337 Claudia Cohen Hall
The widespread use of Prozac starting in the late 1980s is seen as the start of a new era in psychiatric culture. Popular media treated Prozac as an iconic medicinal of the age, and scholarly work in the history of psychiatry often referred to a newly-arrived “Age of Prozac.” Prozac’s effects seemed to signal the need for a radical reevaluation not just of depression and its treatment, but of the very nature of the self. The phrase “just chemical” creeped into common descriptions of depressive disorder. News magazines proclaimed that Freud, literally dead since 1939, was now really, really dead. Ethicists fretted over what it meant for our moods and self if they can be so altered with a synthesized substance. These observations were curious, since drugs called antidepressants had been around since the 1950s, other powerful somatic treatments for mood disorders were developed during the heyday of Freudian psychiatry, and physiological treatments for depressed mood had been prescribed since antiquity. And, as Peter Kramer said in his emblematic but much misunderstood book Listening to Prozac (1993), the cultural hype over brain chemistry outstripped any corresponding scientific understanding of the brain.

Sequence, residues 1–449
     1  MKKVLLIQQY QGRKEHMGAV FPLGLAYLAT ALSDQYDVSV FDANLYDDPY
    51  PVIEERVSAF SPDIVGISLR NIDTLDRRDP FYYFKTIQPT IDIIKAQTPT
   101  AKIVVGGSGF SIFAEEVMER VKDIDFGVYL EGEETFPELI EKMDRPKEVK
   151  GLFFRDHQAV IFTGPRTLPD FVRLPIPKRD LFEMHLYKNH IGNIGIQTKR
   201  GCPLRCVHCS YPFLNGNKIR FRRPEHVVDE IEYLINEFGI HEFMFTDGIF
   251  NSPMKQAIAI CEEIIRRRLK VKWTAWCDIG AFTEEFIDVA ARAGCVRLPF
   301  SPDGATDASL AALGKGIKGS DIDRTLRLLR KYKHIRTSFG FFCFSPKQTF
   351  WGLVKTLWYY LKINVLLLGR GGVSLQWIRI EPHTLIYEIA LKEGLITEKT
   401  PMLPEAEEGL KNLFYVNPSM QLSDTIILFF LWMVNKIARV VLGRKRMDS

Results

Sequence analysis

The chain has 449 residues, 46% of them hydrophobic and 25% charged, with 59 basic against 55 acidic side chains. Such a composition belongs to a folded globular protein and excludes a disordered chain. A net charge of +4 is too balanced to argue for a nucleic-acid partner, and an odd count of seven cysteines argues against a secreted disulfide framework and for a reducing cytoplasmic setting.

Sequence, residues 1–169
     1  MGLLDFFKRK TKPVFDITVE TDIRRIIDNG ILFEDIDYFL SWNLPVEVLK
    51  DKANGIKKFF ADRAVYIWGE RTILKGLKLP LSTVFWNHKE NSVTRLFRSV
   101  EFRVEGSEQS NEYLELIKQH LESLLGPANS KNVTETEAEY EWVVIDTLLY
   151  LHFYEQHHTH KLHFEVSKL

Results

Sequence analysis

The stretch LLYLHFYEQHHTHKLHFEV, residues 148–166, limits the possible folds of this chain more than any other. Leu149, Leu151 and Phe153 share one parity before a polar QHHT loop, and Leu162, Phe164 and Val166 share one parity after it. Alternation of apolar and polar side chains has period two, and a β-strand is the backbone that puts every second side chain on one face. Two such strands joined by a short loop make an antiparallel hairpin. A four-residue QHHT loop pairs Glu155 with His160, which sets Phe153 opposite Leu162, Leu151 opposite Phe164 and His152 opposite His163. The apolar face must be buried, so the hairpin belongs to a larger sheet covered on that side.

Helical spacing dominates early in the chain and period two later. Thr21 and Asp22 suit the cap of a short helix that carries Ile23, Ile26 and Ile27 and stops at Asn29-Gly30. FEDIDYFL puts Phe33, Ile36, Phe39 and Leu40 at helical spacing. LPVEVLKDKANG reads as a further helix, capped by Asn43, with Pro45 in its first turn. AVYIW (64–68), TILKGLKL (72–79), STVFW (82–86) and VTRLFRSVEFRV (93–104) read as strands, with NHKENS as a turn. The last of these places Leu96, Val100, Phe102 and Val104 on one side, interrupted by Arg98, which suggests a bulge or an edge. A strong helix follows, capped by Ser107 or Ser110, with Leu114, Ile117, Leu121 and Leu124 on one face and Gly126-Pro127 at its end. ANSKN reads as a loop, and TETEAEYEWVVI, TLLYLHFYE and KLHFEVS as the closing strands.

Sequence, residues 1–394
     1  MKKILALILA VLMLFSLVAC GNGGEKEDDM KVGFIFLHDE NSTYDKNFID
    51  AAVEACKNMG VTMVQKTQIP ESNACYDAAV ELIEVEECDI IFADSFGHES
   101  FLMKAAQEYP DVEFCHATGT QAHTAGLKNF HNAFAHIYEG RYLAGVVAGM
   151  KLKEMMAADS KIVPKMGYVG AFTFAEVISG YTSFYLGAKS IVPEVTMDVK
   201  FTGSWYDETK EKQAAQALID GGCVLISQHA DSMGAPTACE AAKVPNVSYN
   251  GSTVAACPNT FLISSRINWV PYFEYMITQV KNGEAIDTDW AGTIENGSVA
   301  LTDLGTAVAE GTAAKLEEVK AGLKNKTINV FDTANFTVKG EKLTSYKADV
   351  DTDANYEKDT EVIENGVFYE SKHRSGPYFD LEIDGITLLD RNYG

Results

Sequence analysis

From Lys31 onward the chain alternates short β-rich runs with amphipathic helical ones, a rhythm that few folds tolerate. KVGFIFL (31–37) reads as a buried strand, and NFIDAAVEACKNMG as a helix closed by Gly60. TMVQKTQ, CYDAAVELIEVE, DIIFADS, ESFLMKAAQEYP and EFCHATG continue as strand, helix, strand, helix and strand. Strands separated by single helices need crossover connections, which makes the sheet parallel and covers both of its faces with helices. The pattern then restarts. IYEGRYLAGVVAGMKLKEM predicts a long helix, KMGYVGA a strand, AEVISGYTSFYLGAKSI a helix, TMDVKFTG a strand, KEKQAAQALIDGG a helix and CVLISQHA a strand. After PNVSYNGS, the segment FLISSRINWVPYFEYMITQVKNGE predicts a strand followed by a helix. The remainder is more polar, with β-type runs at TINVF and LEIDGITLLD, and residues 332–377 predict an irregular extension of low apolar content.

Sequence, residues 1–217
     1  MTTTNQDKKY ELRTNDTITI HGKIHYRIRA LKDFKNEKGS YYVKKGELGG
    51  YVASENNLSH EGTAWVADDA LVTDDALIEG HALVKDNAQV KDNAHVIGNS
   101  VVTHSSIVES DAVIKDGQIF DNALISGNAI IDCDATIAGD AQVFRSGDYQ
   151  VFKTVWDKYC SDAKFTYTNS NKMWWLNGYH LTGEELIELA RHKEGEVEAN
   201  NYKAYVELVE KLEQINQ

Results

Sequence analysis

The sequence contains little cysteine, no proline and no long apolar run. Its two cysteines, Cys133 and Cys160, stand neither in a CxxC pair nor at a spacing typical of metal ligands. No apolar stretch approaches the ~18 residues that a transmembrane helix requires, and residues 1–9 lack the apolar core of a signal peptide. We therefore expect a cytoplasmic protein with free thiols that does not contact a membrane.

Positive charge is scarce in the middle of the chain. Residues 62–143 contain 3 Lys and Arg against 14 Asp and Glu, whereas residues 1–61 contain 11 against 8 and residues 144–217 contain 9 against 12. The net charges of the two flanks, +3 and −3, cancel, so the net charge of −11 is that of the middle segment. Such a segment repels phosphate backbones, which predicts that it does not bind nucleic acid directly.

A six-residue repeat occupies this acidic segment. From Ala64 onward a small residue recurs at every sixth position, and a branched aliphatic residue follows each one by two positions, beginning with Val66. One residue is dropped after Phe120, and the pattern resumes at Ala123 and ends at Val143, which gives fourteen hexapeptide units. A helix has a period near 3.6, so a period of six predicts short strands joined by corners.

The advent of Prozac did not just alter psychiatric culture, though. It also led to large changes in the historiography of psychiatry, of both emphasis and interpretation. This paper will consider the gains and losses of these shifts for our historical grasp of depression. Drawing on the author’s previous work on the history of electroconvulsive therapy, as well as his just-begun work on the larger history of depression, the paper will show that historiographical reflection is a necessary precondition for a stronger grasp of the history of depression, now considered by the World Health Organization to be the single biggest contributor to the global burden of disease.